Bloomberg News

Philippine Peso Falls on U.S. Stimulus Delay Concern; Bonds Gain

June 08, 2012

The Philippine peso fell, snapping a three-day gain, as speculation cooled that U.S. policy makers will announce further stimulus measures to spur growth in the world’s largest economy.

The MSCI Asia-Pacific index of regional shares slid as much as 1.5 percent after Federal Reserve Chairman Ben S. Bernanke said the central bank will need to assess conditions before deciding if more measures are required to support the economy. Overseas investors cut holdings of Philippine shares by $19 million this month through yesterday, exchange data show.

“The market is disappointed with the Fed,” said Rafael Algarra, executive vice president of financial markets at Security Bank Corp. in Manila. “People were expecting more details on a possible quantitative easing.”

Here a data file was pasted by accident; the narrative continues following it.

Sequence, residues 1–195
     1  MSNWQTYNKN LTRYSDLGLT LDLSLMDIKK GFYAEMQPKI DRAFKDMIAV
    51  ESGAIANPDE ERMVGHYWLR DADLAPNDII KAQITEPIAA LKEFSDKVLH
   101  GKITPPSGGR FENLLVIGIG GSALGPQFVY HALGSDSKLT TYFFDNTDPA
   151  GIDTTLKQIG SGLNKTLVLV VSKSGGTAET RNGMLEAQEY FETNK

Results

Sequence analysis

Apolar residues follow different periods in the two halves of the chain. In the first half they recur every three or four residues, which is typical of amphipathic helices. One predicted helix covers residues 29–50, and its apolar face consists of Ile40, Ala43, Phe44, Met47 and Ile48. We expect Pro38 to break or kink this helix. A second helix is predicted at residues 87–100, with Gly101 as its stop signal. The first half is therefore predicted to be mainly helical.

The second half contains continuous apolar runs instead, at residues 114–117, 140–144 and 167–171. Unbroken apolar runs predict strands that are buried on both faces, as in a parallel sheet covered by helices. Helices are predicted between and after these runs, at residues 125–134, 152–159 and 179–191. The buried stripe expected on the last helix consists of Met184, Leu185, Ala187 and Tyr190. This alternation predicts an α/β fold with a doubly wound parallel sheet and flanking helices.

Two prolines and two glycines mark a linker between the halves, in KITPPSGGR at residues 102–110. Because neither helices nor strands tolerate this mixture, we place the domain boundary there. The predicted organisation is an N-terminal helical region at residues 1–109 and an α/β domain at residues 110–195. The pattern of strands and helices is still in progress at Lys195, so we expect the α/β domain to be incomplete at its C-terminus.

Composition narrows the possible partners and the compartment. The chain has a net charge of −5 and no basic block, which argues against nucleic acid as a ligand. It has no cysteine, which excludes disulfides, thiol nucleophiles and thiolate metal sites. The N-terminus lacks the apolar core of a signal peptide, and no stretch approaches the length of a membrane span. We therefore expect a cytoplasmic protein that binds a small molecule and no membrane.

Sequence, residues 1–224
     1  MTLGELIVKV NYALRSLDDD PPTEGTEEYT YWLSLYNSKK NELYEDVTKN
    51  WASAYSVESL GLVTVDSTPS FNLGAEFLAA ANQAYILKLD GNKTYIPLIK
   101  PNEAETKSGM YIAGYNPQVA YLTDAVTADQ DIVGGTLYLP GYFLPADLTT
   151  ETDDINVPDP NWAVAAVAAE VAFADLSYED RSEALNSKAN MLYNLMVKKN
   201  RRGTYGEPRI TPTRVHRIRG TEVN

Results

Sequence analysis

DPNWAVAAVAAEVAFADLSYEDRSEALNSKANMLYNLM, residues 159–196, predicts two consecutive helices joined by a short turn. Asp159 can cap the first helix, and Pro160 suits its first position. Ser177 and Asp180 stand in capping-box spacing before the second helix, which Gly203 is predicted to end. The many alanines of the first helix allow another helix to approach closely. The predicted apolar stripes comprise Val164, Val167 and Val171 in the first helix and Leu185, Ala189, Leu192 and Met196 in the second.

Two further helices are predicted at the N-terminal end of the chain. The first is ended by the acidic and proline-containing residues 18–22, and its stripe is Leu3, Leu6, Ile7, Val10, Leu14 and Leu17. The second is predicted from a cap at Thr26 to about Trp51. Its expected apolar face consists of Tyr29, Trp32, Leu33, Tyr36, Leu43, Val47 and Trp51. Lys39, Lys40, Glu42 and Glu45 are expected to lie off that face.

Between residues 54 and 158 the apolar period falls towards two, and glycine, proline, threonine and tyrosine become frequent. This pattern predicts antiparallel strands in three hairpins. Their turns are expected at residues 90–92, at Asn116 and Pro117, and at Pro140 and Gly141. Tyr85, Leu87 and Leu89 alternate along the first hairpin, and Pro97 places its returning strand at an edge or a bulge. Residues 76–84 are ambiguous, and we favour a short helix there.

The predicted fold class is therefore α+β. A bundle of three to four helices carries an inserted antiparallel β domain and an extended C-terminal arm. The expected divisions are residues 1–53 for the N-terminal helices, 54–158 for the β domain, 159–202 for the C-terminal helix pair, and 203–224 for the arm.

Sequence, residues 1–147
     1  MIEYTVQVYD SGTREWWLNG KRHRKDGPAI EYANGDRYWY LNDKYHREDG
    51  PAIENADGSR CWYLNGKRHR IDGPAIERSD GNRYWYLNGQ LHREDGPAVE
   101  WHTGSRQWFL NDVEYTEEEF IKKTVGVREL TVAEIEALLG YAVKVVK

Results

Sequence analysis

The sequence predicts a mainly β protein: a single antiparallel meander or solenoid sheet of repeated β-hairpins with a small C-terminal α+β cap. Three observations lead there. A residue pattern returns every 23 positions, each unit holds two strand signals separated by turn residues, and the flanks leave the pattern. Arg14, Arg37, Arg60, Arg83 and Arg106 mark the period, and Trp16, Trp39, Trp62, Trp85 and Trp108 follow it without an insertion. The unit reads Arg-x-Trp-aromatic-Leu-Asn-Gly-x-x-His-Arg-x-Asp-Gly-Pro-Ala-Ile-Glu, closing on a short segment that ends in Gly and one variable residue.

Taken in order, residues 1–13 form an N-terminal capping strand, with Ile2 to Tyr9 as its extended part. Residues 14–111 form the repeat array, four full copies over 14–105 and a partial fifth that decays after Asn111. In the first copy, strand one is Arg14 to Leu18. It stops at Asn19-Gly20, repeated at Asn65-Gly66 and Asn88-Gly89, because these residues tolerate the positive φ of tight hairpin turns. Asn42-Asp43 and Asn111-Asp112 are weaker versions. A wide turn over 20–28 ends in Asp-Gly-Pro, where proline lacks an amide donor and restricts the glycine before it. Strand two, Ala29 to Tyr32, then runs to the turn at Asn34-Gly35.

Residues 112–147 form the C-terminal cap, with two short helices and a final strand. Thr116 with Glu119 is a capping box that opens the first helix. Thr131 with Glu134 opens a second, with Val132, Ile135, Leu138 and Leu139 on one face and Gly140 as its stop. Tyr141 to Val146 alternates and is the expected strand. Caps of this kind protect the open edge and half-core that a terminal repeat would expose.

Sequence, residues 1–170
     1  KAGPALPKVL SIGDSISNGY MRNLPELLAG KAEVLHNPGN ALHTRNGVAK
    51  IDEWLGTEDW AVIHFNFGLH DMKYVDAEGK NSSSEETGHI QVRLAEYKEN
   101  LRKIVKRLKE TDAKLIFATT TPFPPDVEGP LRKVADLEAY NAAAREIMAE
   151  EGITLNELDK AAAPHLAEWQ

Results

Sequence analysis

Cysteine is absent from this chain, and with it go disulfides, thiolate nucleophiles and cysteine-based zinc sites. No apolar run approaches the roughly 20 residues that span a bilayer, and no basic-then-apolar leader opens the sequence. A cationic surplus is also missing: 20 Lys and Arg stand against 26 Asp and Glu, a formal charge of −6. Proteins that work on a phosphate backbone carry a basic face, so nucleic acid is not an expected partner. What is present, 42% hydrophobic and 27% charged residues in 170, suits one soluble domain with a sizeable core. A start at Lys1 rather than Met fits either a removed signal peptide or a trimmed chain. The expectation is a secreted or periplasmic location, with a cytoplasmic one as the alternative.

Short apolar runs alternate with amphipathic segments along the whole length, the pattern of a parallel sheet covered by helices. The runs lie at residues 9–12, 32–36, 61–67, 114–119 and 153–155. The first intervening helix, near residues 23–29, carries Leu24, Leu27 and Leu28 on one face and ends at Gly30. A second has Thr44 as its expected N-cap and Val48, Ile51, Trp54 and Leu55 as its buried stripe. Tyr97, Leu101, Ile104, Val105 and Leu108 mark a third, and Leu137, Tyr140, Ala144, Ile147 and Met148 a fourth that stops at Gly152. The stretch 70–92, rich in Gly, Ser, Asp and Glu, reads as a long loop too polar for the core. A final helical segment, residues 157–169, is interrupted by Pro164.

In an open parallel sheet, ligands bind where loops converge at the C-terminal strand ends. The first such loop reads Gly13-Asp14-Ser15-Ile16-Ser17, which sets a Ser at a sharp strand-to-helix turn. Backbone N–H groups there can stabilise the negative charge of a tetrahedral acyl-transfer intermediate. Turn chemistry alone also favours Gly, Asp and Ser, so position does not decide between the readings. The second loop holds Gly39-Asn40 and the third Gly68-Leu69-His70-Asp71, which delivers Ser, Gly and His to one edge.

The peso fell 0.3 percent to close at 43.27 per dollar in Manila, paring its weekly advance to 0.3 percent, prices from Tullett Prebon Plc show. One-month implied volatility, a measure of exchange-rate swings used to price options, was unchanged at 6.75 percent today.

The yield on 6.375 percent government bonds due January 2022 fell three basis points to 5.43 percent, according to Tradition Financial Services. The rate dropped 18 basis points this week.

Philippine President Benigno Aquino said today he expects better growth in the coming quarters, after the economy expanded at the fastest pace since 2010 last quarter. China cut interest rates yesterday for the first time in more than three years to counter what Premier Wen Jiabao has called increasing downward economic pressure.

To contact the reporter on this story: Karl Lester M. Yap in Manila at

To contact the editor responsible for this story: Sandy Hendry at

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